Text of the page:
Fear of flying tips
Top 5 Travel Tips to Beat the Fear of Flying
There are enough travel blogs and articles across the internet to give the impression that nearly everyone has backpacked through Europe, experienced the buzz of Vietnam or sipped cocktails on the beaches of Bali or Hawaii. Having organized travel insurance and travel money cards, there’s no other safety concerns to prevent you jetting off, right? Wrong. Many people find flying difficult. According to the Business Insider, 40 per cent of Americans don’t enjoy flying while 3 per cent refuse to fly altogether.
But your anxiety while flying, or pteromerhanophobia (fear of flying) doesn’t need to keep you grounded for ever. There are a number of tricks that can get you through.
Know your stuff
When it comes to overcoming fear, 90 per cent is reconditioning the brain and 10 per cent is knowing the facts. Some of the common nightmares are nearly impossible. Scared the plane will fall out of the sky? Despite how heavy and large a plane is it cannot fall from the sky. Air, like water and other substances, has mass. The plane is continuously supported by the air around it so that is can descend but not just drop suddenly. Scared the engines will fail? A plane has multiple engines and if they all stop and the pilot can’t restart them than the plane will glide to an emergency stop, not tumble straight down. And turbulence? While it feels frightening, it does not damage the plane. Turbulence is like bumps in the air, the same as bumps in the road. It might feel frightening, but the plane can handle it. It is also key to remember that the seat belt light goes on so that you don’t fall over other passengers, not because there’s a flight risk.
Remind yourself how improbable accidents are
You’ve probably heard that you are more likely to be injured or killed in a car accident, tornado, an electrical current, or even from being crushed by a pig than be involved in a serious plane accident. In 2012 the International Air Transport Association (IATA) recorded one accident per 5 million flights on Western built jets and about 96 per cent of people survived in those few accidents. When you start thinking about disaster, remind yourself how improbable it is.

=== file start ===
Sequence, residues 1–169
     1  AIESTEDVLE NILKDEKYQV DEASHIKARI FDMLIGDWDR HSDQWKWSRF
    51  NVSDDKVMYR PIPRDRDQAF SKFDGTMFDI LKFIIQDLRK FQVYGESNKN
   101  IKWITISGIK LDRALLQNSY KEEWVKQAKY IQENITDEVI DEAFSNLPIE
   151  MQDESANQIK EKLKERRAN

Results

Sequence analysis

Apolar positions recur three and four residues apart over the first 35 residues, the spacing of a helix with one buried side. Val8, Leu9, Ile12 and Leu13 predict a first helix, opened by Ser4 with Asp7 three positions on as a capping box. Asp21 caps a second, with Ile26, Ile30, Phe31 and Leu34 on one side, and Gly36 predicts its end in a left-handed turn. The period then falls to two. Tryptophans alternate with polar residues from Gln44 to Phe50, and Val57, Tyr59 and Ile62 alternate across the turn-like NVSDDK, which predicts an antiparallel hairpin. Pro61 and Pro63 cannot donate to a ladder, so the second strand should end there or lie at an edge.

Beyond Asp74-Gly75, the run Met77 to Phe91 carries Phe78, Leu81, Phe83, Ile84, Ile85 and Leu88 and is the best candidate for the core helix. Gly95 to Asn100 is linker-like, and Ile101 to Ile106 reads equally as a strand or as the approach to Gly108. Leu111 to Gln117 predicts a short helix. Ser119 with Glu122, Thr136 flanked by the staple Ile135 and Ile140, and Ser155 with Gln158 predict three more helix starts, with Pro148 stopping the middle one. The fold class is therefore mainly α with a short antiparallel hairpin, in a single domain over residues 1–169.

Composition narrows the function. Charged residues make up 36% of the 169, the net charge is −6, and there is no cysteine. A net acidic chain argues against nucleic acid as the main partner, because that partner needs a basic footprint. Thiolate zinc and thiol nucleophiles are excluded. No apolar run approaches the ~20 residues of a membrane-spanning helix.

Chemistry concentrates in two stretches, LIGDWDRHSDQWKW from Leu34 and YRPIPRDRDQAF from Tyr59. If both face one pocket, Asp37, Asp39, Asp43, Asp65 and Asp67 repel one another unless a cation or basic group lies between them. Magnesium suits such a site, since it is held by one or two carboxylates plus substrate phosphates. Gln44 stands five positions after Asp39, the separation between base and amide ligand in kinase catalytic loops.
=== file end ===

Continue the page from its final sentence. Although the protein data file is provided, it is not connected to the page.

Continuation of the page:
Pick your seat
Unless you fly business you won’t get much legroom. If you fear flying, try to choose a front row or exit row seat, preferably at the aisle side, as these give you extra space. How can you find out about the best seats? SeatGuru.com and SeatExpert.com both outline aircraft types and the pros and cons of each seat.
One exercise to reduce stress is to imagine a safe place, one that you feel welcome in. Closing your eyes and focusing on this place, imaginings everything you would see, smell and touch is one way to distract yourself.
If you keep thinking about what can go wrong with the plane, another exercise is to complete the story rather than focusing on the most disastrous scene possible. So if you’re picturing the plane crashing, also picture the staff releasing safety equipment. You would be picked up by a rescue team and if necessary, taken to hospital. After that, you go home. It might also help to imagine the plane landing safely every time you begin to think of disaster.
According to Spotify, which researched the effects of different music on people’s emotions, particular tunes can help in calming jittery nerves. Spotify suggested Adele’s ‘Someone Like You’ was ideal due to the tempo and harmonious tones. Breathing in time to the rhythm of calming music, listening through headphones and closing your eyes can lower your heart rate and blood pressure and calm your mind. See no evil, hear no evil.
These are just a few tricks to get you on that flight and to your destination. The best remedy for fear of flying is to be exposed to it. You never know, you may one day feel indifferent or, dare we say it, like flying.